Following the elections in spring 2010, the Orbán government began dismantling the institutions underlying the democratic rule of law and the system of checks and balances, discrediting and ignoring fundamental rights.
On April 24, 2015, Hungarian Europe Democracy (HED) convened a workshop about “Illiberal democracies, what can the European Union do in case a member state regularly and systematically breaches European values and regulations?”.
Recent developments in Hungary and Romania have prompted a question that once would have been considered fanciful at best: could there be a dictatorship inside the European Union?
The 25th anniversary of the Polish Round Table [that started the democratic transition] inspires to look back and reflect on what really happened in the spring of 1989. Perhaps this anniversary does not have to be only a thing of the past and a series of throwback celebrations?
At the quarter-century mark of the Visegrad states’ freedom from the USSR, Johannes Wachs examines the Group’s role in today’s European Union.
Many people, both in the West and in the former socialist countries, display an attitude which I call—somewhat pointedly—“a mentality of Soviet official”. It is a generalized belief: “whatever problem there exists, only the state can solve it.” The state is perceived as a deity, i.e. an omniscient and benevolent being with unlimited resources.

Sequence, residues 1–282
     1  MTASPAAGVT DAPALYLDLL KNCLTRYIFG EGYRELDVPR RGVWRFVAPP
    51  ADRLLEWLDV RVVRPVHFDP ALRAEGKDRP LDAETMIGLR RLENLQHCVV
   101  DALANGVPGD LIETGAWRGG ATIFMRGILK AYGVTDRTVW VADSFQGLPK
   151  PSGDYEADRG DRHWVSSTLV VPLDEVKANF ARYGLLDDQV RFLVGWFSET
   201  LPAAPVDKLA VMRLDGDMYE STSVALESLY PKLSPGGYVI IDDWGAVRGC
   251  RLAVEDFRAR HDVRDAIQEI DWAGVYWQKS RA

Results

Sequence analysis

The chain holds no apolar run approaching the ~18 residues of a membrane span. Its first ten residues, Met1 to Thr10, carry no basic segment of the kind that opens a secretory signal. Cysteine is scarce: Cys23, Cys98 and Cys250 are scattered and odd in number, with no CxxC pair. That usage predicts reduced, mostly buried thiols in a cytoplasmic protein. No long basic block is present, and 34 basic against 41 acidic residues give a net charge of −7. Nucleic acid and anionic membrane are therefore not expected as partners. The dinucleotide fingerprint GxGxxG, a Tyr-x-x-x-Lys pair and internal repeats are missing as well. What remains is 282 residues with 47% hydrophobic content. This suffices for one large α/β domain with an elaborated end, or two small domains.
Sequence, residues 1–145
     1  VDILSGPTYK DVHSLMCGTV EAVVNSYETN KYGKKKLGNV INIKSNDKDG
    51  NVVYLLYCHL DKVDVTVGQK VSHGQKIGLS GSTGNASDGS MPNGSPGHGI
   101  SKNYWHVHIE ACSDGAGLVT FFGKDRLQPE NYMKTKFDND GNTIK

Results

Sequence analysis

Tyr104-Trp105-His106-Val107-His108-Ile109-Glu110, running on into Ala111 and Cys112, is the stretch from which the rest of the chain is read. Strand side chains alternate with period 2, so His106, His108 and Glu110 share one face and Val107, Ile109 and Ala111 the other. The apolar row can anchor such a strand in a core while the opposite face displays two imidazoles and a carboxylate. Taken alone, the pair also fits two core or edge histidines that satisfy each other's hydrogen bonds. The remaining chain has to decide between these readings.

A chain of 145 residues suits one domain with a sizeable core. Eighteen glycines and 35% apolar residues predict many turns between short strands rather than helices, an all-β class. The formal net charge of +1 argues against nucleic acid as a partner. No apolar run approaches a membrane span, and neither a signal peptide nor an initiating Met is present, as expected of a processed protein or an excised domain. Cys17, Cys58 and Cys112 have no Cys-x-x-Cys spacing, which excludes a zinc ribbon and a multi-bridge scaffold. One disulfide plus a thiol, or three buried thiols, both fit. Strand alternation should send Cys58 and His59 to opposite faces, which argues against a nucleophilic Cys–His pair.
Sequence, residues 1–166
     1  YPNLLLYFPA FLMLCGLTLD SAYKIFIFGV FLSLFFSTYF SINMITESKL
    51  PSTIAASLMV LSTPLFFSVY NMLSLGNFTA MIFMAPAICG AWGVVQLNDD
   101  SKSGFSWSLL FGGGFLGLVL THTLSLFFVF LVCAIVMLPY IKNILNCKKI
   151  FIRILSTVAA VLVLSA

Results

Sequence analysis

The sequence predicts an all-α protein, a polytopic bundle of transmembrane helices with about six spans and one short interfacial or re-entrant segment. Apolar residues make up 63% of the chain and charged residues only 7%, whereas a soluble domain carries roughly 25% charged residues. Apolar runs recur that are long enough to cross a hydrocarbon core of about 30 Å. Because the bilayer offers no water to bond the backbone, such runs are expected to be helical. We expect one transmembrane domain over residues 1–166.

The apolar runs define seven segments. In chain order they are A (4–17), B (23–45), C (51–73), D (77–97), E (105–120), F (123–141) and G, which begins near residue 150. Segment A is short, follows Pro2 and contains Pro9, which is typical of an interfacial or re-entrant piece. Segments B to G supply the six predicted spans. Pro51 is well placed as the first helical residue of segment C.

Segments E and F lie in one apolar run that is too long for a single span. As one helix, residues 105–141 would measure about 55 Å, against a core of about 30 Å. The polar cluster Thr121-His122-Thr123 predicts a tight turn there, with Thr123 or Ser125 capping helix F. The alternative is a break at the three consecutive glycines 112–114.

It is natural for the generation of Solidarity to assess the achievements of the political transformation unlike the current generation of 20- and 30-year-olds. In our opinion, free state is a given given and we want to work on its further improvement. The generation of our parents still remembers the gray communist regime and often urges us to enjoy what we already have
The Kremlin’s influence has always been a reality. It is naive to negate it.
And I will end with a proposal for a new institutional framework, grounded on the understanding that we should recognize the confederal nature of the European Union, but that we should at last integrate true democracy in it.
Legal regulations concerning axiological choices made by individuals in their private or intimate spheres, formed on the basis of the expectations and awareness of the democratic majority, are essentially deprived of legitimization and are not acceptable within the scope of prohibitions and restrictions they introduce.